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Sexual harassment and assault

Incest and necrophilia in the spotlight as law reform commission reviews Hong Kong’s list of sexual crimes 

Consultation paper proposes making sex with a dead person a crime and broadening the definition of incest, as well as making it illegal to record someone else’s sexual activity without their consent

PUBLISHED : Thursday, 17 May, 2018, 7:01am
UPDATED : Thursday, 17 May, 2018, 8:10am

Hong Kong’s Law Reform Commission has proposed new laws to make offences such as sex with a dead person a crime and for existing legislation on sexual offences such as incest, for example, to be broadened. 

Its proposals were published on Wednesday for a three-month-long public consultation until 15 August.

In its 93-page consultation paper, the commission’s Review of Sexual Offences Subcommittee pointed out the city did not have specific laws punishing necrophilia, or harassing or raping a dead body.

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Authorities could only charge perpetrators, if evidence permitted, with unlawful burial of a dead body, which would garner the guilty party a maximum jail term of seven years.

[Necrophilia] is not unheard of in Hong Kong and there should be legislation catering for it.
Law Review Commission subcommittee chairman Peter Duncan

The subcommittee said such acts were “an insult to the deceased … [and]..a specific offence in our statute books may serve as a deterrent to potential offenders.”

Two months ago, Lau Cheung-fai, 37, who admitted to having sex with a 15-year-old he murdered was sentenced to life imprisonment for killing and sexually harassing the victim. But necrophilia was not included in the charges levied against him.

Subcommittee chairman Peter Duncan said: “There have been cases of this nature in Hong Kong before.

“There’s no good reason for the offences not to exist, it exists in many other jurisdictions. [Necrophilia] is not unheard of in Hong Kong and there should be legislation catering for it.” 

He conceded prosecutors would have to rely on circumstantial evidence or witnesses, but they were already relying on the same means to prove that someone was guilty of sexually harassing a living person.

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Duncan said it was too early to discuss the appropriate sentence for the crime in Hong Kong but in England and New Zealand, necrophilia was punishable by a maximum of two years in jail. In Canada, the duration was five years.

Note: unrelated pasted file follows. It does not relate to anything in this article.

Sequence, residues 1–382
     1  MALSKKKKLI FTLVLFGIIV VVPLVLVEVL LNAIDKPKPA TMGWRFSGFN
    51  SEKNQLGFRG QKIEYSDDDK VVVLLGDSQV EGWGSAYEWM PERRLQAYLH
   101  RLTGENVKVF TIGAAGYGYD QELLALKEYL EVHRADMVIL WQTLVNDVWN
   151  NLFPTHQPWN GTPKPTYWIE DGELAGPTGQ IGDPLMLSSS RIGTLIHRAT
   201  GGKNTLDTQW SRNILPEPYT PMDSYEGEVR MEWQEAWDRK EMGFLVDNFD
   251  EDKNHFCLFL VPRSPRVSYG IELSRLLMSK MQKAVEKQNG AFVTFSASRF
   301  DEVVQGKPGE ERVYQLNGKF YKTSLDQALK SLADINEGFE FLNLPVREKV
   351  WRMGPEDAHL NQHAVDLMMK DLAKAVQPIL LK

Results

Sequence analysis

The question of whether to extend the offence of incest to include sexual relations between adoptive parents and children was also raised in the paper.

[We do not see] any justification for a distinction to be drawn between adoptive parents and natural parents [in incest laws]
Law Review Commission’s subcommittee 

The subcommittee said it did not see “any justification for a distinction to be drawn between adoptive parents and natural parents, as the law must apply equally to protect all children”.

But it acknowledged that such a law threw up other questions, such as whether it should be a crime if the adoptive parent and child were consenting adults entering into a sexual relationship. And following that, whether there needed to be an age limit “in respect of sexual relations with an adopted child”.

Duncan stressed, however, that current laws already criminalise sex with someone below the age of 16 or who is mentally incapable.  

The paper also suggested mirroring Britain’s criminalisation of voyeurism to ban “observing or recording” others engaging in intimate acts without consent, and also observing or recording such acts from a distance. 

There are currently no specific sexual offences targeting acts such as photographing others in washrooms or recording neighbours’ intimate acts without permission and for the purpose of sexual gratification.

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If these happen in public areas, offenders will only be prosecuted under existing laws for loitering or dishonest usage of a computer if the recording is stored online. 

Subcommittee member Eric Cheung Tat-ming, a legal scholar, said the prosecution would have to prove the offenders committed the acts for sexual fulfilment. 

He said any changes to the law would not affect the media’s ability to conduct investigative reporting. 

The paper is the third issued by the subcommittee as part of its overall review of substantive sexual offences, since it was formed 12 years ago.

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Its two earlier consultation papers were on rape and non-consensual sexual offences, and on sexual offences involving children and persons with mental impairment.

Its next step is to compile a final report with the three papers, and then review sentencing of the offences. It will put forth its formal proposal to the government at a later date.